Being out in the countryside with my dogs gives me time to think. I’ve learnt the pleasure of solitude without being lonely, and that’s a good feeling for me.

Welcome to "Man with two dogs" - the family website for dog owners and dog walkers.

This is my countryside diary which appears each Saturday in the Dundee Courier newspaper.

Charlie is my darling ….

September 5th, 2009

BONNIE PRINCE CHARLIE has been on my mind lately   In this Year of Homecoming I've heard no mention of him – one of Scotland's symbolic historical figures   I suppose the principal objective always was to celebrate the birth of Rabbie Burns, and Scotland's success in the quarter millennium since   Success was something that evaded  €œthe Prince in the Heather €.  

  

The Doyenne and I arranged to meet friends in the pretty Perthshire village of Meikleour (pronounced McLure)   Several minutes early, we drove the extra mile to take a look at the Meikleour Beech Hedge which stands alongside the A93 road from Blairgowrie to Perth   At more than a hundred feet tall and half a mile long it holds the record in the Guinness Book of Records as the longest and highest hedge in the world.
  

Its story is that it was planted in 1745 by Robert Murray Nairne and his wife Jean Mercer of Meikleour to mark a boundary on their estate   A year later Robert fell on Culloden battlefield fighting for the Prince, and his grieving widow left the hedge to grow freely as a living monument to her husband's memory.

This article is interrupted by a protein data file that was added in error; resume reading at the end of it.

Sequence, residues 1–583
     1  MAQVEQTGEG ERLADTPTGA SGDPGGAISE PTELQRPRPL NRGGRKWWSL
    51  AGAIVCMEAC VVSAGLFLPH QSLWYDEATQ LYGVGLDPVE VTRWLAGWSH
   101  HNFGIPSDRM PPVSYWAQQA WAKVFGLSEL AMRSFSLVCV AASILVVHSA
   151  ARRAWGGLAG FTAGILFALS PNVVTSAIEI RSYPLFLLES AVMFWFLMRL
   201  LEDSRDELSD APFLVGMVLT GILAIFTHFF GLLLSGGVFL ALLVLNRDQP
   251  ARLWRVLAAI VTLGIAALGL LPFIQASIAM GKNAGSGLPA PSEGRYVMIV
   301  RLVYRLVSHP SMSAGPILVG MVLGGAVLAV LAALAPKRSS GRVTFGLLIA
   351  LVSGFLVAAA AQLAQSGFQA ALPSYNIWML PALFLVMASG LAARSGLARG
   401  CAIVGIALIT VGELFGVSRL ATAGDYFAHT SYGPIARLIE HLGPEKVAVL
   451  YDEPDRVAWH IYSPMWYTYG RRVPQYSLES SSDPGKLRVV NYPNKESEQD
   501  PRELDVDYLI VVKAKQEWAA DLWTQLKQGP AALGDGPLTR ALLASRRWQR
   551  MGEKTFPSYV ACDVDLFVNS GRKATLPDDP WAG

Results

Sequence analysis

Another landmark associated with the Bonny Prince are the  €œSteekit Yetts € (Closed Gates) at Traquair House at Innerleithen, between Selkirk and Peebles   Forced to abandon his march on London to claim his throne, Prince Charlie made a tactical retreat back to Scotland and spent a night at Traquair  
  

Tradition says that the following morning he bade farewell to his hosts and marched down the main avenue from the house to continue his fateful journey to Inverness   He passed between two imposing gateposts each surmounted by a bear – hence the more popular name of the Bear Gates   As an act of defiance towards Hanoverian George II, the fervent Jacobite 5th

Earl of Traquair locked the gates, vowing they should not reopen until a Stuart king once more sat upon the British throne   And so the yetts remain steekit yet!
  

Do bairns still play  €œsodgers € with Carl Doddies?   Their weapon is the ribwort plant which has a brown spiked head (like an arrow or lance head) on a long, leafless stalk and the aim is to knock off your opponent's flower head   The plant's improbable name is said to originate from the '45 Uprising – Carl is Charlie, and Doddie is our Scotch nickname for George i.e. King George II.
  

After Culloden the English complimented William Augustus Butcher Cumberland, commander of the government army, by naming the Sweet William flower in his honour   The Jacobite response to this horticultural flattery was to rename the rank smelling and noxious weed, Common Ragwort, calling it  €œStinking Willie €.
  

After an excellent lunch at the Meikleour Hotel, a former posting house for the Inverness stage coach, we said our farewells to our friends and hurried home   We had two dogs to walk.

Written on Saturday, September 5th, 2009 at 8:18 am for Weekly.